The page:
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HomeDairyResearcher exploring dietary strategies to help cattle deal with summer heat
Catherina Cunnane
Catherina Cunnanehttps://www.thatsfarming.com/
Catherina Cunnane hails from a fifth-generation drystock and specialised pedigree suckler enterprise in Co. Mayo. She currently holds the positions of editor and general manager at That's Farming, having joined the company in 2015.
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Researcher exploring dietary strategies to help cattle deal with summer heat

Researcher exploring dietary strategies to help cattle deal with summer heat

Reducing heat stress in dairy cattle is the focus of Dr. Gregory Penner’s (PhD) new project, which he has received $131,000 in funding to undertake.

The AgBio professor and USask Centennial Enhancement Chair will investigate dietary strategies to help dairy cattle deal with summer heat.

The funding is from the Natural Sciences and Engineering Research Council’s (NSERC) Alliance Grants programme.

It encourages university researchers and partner organisations to collaborate in generating new knowledge and accelerating the adoption of research findings to benefit Canada.

Cattle respond to heat stress with sweating, and open-mouth panting—using respiration to dissipate heat—and lose saliva.

As well, their body response is to increase blood flow to the ears and other extremities and reduce the flow to the gastrointestinal tract, increasing the acidity of stomach contents.

Cation supplementation replenishes salt lost through sweating and encourages drinking, with the water helping to cool down animals. The carbonate acts to reduce stomach acid and the risk of gut disorders.

He said that research is “sparse” on assessing the separate roles that cations and carbonates play—especially since farmers often use sodium bicarbonate in the cows’ diet during summer.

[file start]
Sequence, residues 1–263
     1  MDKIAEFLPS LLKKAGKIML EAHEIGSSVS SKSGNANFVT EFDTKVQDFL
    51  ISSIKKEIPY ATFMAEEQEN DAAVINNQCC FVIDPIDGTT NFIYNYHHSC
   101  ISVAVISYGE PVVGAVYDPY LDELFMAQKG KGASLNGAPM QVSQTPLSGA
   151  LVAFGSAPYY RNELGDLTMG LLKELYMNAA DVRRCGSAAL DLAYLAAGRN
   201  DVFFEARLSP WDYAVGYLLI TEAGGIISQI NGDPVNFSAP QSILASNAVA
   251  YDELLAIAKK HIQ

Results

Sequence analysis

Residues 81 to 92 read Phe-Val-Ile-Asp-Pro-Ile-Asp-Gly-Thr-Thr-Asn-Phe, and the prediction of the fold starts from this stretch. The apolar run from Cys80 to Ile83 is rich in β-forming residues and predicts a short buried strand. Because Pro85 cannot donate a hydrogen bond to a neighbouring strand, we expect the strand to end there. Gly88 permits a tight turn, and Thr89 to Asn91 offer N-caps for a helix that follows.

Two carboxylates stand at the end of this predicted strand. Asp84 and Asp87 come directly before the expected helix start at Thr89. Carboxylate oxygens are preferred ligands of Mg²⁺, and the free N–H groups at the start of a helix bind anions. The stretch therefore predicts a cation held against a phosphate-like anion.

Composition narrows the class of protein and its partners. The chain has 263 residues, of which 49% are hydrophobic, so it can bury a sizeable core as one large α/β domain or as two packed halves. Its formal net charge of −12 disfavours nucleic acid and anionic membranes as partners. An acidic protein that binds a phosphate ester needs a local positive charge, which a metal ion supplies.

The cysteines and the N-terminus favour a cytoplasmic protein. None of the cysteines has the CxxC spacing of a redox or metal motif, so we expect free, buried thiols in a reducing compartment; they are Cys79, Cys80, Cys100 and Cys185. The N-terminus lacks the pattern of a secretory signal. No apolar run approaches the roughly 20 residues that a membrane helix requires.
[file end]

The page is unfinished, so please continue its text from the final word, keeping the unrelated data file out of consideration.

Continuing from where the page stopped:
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Therefore, he added that this leaves open the question of whether it is the sodium or the carbonate that is most effective.

Industry partner, Papillon Agriculture Company, owned by calcium – and manganese-carbonate producer, Inter-Rock Minerals, is providing $62,800 in cash and in-kind support.

Papillon wishes to understand the role its carbonate feed products play in mitigating cattle heat stress.

Meanwhile, SaskMilk, which is contributing $23,500 in cash and in-kind support, is the other industry partner.

“We are specifically focusing on whether cations (sodium and potassium) or dietary buffers (carbonates) help to mitigate heat stress,” Penner said.

How will he conduct the research? 

At USask’s Rayner Dairy and Research Facility, researchers will feed cows a specific dietary supplement.

Researchers will study the following variables to see if feed strategies help mitigate heat stress:

  • Animals’ core body temperature;
  • Feed intake;
  • Milk production;
  • Indicators for inflammation.

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